Often, when academic staff at Makerere University retire, they move on without a fuss.
But the college of Natural Sciences (CONAS) has broken the trend, treating their retiring staff, many of whom had logged in more than 20 years of service, to a sumptuous dinner at Serena hotel.
The long-serving academics also received plaques and gifts. According to the CONAS principal, Prof JYT Mugisha, the move has raised excitement among staff and will be a regular event.
Moses Talemwa spoke to the eminent professors after the event and asked them what they made of the recognition.
Prof Livingstone Serwadda Luboobi (43 years at Makerere)
I started as a tutorial fellow in 1969 in my third year as a student and chose to stay because, for me, Makerere is home. There were opportunities to serve elsewhere – but my parents taught me that difficulties are not the end of life – one can always persevere.
My children were all born here and they’ve studied here – and some are already members of staff. I have two and a half years to the end of my contract. After that I’ll be 70. I don’t know if the university will still want me.
But wherever I’ll be I’ll still be teaching. Once a teacher, you’ll always be a teacher. I’m very thankful to the college for the recognition. It really makes a difference. Those are the incentives given to people that encourage them to continue serving.
Prof Eldad Banda (38 years at Makerere)
I joined in 1974 and I stayed because I love my country and also because I enjoy what I do. I had lived outside Uganda when I was training (at postgraduate level) and I realized it was not a place I would be happy to live in. I’m here until December 2013 and after that I’ll be 70, so I don’t know if they’ll allow us to stay.
But given a chance I’d like to give it another try because I enjoy what I do. It is good to be recognized by my peers and the college. I would have wanted more staff to be involved so we can inspire the younger researchers – but it’s a start so I understand.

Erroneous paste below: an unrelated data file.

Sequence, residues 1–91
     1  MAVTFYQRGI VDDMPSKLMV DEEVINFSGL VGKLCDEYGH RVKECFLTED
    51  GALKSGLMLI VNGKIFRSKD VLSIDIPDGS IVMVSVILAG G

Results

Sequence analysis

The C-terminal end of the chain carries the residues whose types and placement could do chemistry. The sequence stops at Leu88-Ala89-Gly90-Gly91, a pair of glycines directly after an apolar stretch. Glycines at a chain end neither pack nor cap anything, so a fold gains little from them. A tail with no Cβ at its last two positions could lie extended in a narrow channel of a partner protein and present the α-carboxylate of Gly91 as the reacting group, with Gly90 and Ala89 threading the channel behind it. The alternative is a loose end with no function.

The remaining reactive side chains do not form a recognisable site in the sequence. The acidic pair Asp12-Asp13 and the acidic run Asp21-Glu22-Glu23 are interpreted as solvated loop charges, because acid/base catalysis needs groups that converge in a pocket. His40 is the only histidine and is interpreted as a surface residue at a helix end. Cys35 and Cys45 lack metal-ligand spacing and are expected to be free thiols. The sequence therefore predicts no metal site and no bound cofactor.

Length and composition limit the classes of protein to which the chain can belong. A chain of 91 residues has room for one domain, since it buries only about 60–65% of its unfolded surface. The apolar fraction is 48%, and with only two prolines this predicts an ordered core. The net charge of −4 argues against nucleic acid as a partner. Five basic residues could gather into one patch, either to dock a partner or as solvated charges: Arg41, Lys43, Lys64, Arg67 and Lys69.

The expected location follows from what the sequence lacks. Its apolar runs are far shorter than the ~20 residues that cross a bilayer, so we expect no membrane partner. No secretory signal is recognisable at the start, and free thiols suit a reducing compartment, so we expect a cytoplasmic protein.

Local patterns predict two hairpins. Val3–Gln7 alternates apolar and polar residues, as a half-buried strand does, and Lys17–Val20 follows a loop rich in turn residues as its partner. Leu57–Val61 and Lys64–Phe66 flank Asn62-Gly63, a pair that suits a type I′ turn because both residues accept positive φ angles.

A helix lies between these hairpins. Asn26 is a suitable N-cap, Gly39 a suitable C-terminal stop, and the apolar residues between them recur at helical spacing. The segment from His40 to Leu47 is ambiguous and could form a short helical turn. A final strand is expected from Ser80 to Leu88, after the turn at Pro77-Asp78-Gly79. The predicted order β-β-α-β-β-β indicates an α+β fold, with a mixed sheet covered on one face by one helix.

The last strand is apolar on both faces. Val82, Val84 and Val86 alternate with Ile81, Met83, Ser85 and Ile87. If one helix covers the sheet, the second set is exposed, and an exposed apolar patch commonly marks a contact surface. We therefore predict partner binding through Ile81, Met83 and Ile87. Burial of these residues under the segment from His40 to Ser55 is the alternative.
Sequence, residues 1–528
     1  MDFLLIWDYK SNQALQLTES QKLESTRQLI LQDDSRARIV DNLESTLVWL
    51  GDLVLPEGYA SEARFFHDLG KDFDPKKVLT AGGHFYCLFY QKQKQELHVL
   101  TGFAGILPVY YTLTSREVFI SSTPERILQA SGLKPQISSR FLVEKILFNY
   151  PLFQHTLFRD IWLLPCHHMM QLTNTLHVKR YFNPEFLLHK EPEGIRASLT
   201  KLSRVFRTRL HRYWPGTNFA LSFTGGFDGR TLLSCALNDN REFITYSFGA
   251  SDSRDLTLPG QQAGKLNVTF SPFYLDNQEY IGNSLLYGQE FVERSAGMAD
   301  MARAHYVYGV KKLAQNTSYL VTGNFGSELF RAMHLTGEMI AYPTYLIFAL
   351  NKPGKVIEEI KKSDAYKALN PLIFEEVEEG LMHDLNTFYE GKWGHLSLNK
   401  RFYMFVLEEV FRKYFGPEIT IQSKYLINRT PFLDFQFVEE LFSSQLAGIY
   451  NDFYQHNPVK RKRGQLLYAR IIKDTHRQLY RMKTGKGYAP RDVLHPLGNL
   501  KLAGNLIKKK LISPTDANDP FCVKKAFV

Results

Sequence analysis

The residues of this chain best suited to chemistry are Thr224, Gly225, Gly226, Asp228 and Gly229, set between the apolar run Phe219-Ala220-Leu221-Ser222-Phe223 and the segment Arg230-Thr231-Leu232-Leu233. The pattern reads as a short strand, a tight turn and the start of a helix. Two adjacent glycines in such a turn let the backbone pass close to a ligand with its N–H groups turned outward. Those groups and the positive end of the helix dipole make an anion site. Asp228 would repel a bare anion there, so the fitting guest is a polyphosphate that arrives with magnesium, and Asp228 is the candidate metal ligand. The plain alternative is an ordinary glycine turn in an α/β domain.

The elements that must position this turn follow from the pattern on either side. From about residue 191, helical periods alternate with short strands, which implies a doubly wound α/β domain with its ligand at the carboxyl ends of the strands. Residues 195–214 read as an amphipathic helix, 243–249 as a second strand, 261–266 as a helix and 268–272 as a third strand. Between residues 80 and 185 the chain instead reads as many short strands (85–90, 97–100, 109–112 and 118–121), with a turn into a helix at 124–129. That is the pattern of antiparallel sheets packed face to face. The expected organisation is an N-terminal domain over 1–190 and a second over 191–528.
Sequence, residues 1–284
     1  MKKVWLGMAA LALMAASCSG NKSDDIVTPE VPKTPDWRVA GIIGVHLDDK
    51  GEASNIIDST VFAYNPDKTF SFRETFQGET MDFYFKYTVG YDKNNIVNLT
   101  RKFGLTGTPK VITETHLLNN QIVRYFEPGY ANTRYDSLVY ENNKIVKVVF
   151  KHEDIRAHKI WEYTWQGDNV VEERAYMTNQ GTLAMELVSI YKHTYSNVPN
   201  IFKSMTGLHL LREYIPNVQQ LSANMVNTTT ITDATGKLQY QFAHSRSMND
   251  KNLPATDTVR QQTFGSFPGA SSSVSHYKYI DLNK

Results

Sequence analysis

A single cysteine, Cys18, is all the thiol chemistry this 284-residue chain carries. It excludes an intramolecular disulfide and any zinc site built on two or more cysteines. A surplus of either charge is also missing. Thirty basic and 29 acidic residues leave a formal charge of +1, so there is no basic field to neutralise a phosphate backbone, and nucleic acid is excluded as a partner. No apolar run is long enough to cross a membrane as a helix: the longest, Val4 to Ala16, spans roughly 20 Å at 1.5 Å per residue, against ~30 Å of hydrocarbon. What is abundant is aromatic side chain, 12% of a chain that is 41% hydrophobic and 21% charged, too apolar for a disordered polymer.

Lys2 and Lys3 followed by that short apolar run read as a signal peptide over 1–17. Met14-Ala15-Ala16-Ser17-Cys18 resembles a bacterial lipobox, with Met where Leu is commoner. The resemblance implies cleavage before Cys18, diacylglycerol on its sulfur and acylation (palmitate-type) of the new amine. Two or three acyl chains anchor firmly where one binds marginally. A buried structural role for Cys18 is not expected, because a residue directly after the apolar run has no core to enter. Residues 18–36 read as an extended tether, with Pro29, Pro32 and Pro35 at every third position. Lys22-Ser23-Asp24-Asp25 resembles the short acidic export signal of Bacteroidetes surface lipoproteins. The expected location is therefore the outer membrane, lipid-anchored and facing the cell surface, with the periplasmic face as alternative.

Prof Frederick Bugenyi (17 years at Makerere)
I have been here since 1995 and stayed at Makerere because I realized that if I had gone out, I’d not be with my family. I have 10 children plus an extended family. However, despite missing out on the good money and life abroad, I’m grateful for the time I have had here at Makerere.
My contract runs until 2015 and after that I want to rest. Recognition by the college – that was most unexpected and we are truly happy. We wish Makerere did this all the time. It encourages the young.
Prof John Enyaru (12 years at Makerere)
I joined Makerere after working at Uganda Trypanosmiasis Research Organisation in Tororo for several years. I stayed here this long because I enjoyed research and it offered us an opportunity for academic growth.
I have three years on my current contract with Makerere and, God willing, after that I’d like to retire and rear my cows in Tororo. I’m very grateful to the principal for recognizing staff who have served Makerere. You know this is the first time it is happening. It should be done more often.
Assoc Prof Moses Isabirye-Basutta (36 years at Makerere)
I have been here since 1976 because Makerere is a special place for me. We can disagree with my bosses and still get on with the job. I have received jobs offers that pay four or five times more but I stayed because of the freedom [I have] to carry on with my work.
I’m getting a new two-year contract, then after that I’ll be off. Otherwise I’m happy that we are being recognized.
Prof Hannington Oryem Origa (38 years at Makerere)
I joined in 1974 and I chose to stay here because I realized early that one is needed here more than in the developed countries. These people simply cheat us. They send us scholarships for capacity building and when we finish, they want us to stay there. What capacity building is that?
My contract will run until 2014 but I intend to extend it since I still have ongoing projects and students that I’m supervising. The whole idea of recognition by one’s peers is commendable and I think the university should adopt it, maybe at graduation ceremonies so all of us can attend and have a chance to see who is being recognized.
Prof John Baptist Kaddu (20 years at Makerere)
I chose to come back to this country 20 years ago after serving for years at the UN and many other bodies because there was hope the country was coming back from the dead. But things are actually going very badly right now. The reason that has kept me going is that when I was at the UN there was a lot of work, good pay but no academic growth.
Here I can contribute to national development by imparting knowledge to students. Also when I was growing up, the government paid for my university tuition and everything so I’m now paying back. The act of recognizing our service was a good thing. It brought a change to my heart – I was beginning to think they just don’t care. So, I say let’s work together and see what happens.